[rspec-users] Rollbacks, Sqlite3 bug
mailing_lists at railsnewbie.com
Thu Oct 25 00:57:34 EDT 2007
On Oct 25, 2007, at 12:40 AM, David Chelimsky wrote:
> On 10/24/07, Scott Taylor <mailing_lists at railsnewbie.com> wrote:
>> Okay - so the sqlite bug reported a day or so ago on the list is real
>> bug. I'm going to file something in the tracker for that...
>> I also learned that before(:all)...after(:all) is not wrapped in a
>> transaction, the way before(:each)...after(:each) is. Is there some
>> reason behind this? Can you not wrap transactions inside
> Only for DBs that support it. And it would add quite a bit of
> complexity to rspec I think.
> This is not really the intent of before(:all). It is more akin to
> TestCaseSetup in xUnit - i.e. a class level method that doesn't share
> state w/ the examples. So you might have some load script to get the
> DB into a known state before(:all), and then run each example in a
> transaction so it rolls back to that known state. I *think* that's how
> rails does it but I'd have to peruse the code to verify that.
Yeah, that's my guess, too.
> Accessing fixtures in before(:all) is something you can't do right now
> because before(:all) is not running in the same scope as the examples
> are - in fact, it runs before fixtures are loaded.
I'm still a little confused about fixture loading. Isn't the test
database populated with fixtures when running rake db:test:prepare?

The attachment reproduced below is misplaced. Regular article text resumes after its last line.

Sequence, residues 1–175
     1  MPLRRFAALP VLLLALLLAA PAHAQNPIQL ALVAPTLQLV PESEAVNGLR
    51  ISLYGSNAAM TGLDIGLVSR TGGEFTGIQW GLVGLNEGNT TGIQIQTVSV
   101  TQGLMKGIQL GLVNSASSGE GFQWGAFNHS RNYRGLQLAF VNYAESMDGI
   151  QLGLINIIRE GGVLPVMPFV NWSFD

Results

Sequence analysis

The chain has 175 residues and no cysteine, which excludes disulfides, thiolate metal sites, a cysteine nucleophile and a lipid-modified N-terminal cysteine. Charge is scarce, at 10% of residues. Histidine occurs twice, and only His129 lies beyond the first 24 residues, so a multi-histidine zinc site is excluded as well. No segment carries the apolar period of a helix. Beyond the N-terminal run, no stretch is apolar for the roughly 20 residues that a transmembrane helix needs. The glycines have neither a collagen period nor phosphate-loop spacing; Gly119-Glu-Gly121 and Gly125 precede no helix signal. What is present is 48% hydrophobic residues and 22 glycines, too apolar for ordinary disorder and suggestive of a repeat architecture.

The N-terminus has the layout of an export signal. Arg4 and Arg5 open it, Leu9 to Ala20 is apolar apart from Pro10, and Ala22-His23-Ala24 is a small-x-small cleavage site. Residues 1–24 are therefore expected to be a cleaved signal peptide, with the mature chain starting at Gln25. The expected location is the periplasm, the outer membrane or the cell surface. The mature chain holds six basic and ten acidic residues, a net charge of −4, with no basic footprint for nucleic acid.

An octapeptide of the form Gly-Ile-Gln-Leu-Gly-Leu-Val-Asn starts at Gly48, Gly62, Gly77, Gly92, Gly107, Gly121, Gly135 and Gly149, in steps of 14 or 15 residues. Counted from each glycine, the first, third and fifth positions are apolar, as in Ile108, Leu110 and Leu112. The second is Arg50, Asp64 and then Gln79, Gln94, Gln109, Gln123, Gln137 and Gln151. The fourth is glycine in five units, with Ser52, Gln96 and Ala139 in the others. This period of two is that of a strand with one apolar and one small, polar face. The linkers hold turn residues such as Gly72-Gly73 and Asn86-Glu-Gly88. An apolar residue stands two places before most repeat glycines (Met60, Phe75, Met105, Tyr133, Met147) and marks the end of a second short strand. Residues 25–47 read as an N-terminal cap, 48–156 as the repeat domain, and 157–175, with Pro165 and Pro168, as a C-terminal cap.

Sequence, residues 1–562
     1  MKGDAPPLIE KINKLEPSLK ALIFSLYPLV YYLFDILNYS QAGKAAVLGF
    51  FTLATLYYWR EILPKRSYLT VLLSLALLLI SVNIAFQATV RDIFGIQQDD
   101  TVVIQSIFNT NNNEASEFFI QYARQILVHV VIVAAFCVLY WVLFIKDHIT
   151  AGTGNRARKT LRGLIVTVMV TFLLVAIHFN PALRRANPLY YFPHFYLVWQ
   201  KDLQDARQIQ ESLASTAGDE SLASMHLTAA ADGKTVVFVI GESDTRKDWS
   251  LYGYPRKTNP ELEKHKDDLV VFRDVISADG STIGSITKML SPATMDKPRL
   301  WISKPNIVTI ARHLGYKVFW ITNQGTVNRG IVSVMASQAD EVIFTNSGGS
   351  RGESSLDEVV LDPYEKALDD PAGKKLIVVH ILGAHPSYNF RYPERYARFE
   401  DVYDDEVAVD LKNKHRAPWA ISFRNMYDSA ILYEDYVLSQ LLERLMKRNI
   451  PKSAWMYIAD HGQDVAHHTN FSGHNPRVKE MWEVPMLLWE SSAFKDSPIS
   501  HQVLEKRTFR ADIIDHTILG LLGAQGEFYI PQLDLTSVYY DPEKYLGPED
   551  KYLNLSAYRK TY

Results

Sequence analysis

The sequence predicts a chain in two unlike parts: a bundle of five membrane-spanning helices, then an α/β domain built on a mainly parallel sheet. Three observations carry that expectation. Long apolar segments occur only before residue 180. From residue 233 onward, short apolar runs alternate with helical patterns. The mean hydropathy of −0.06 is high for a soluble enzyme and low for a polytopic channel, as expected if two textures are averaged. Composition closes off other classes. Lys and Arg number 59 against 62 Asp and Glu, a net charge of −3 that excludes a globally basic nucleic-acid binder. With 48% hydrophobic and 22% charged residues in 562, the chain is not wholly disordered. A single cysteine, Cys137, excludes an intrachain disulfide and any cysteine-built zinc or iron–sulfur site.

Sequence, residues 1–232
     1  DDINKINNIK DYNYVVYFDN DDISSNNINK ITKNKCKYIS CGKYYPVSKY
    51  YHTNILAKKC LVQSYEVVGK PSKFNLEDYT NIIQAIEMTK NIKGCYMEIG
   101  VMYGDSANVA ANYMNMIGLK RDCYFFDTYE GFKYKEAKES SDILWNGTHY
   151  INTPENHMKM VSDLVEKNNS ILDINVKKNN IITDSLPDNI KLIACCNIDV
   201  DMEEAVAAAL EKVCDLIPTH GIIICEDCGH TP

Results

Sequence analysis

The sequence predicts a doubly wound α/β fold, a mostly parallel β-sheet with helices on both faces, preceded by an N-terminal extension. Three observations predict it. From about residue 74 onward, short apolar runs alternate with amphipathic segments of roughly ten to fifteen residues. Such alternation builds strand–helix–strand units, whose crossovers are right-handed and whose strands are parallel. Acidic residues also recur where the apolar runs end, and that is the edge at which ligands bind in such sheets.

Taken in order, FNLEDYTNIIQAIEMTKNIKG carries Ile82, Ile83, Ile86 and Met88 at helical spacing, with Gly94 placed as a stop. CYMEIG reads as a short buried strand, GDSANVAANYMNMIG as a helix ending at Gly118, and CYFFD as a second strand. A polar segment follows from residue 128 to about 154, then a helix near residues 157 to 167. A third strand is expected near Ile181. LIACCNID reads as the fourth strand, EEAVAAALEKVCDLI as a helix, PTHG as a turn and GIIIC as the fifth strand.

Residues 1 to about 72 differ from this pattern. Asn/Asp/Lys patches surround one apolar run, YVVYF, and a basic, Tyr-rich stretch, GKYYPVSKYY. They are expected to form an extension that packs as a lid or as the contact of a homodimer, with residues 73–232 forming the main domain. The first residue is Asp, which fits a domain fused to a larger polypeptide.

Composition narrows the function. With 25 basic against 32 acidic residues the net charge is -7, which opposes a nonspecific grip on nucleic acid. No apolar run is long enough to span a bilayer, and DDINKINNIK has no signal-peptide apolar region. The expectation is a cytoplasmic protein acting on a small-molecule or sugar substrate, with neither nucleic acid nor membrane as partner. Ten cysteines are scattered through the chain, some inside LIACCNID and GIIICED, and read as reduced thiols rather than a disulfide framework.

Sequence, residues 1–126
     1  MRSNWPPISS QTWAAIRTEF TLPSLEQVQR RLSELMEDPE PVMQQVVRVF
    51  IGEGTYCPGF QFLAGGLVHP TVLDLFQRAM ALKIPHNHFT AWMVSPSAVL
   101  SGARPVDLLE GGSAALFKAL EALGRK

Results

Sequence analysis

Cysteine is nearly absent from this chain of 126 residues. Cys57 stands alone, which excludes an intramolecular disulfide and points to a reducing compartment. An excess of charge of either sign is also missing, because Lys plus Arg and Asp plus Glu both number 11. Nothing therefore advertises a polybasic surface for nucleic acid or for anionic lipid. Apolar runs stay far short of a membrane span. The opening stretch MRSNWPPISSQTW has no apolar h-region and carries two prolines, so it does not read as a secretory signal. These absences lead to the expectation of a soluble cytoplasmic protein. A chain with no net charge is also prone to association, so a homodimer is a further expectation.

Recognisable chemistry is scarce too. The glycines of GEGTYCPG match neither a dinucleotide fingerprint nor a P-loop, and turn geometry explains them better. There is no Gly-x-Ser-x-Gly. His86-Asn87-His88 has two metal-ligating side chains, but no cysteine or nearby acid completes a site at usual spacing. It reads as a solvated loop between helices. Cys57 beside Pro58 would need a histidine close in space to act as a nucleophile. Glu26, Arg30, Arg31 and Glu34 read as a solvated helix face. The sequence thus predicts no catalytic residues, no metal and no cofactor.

> Even if we changed
> that, you still wouldn't want to access them before each, because
> you'd be keeping a handle on objects whose underlying data are getting
> rolled back after each example. Talk about unexpected
Well, we aren't using fixtures, but instead using the
FixtureReplacement plugin (I'd be interested in your feedback, David,
or anyone else, for that matter).
I'm a little worried that the plugin is a little too good (for
readability, and for easy of writing tests): My coworker, who is new
to rspec, would rather hit the database in controller specs than mock
database access out.
Anyway, the situation was that he was hitting the database by
inserting 40 records per test case. Of course the thing came to a
screeching halt, and he changed the before(:each) block to a before
(:all). The tests in that description didn't fail, but other ones
did (because some of the records were still hanging around).
Although the strangest thing was that running rake spec didn't fail
the tests, but running them by hand did (and the same with Autotest).
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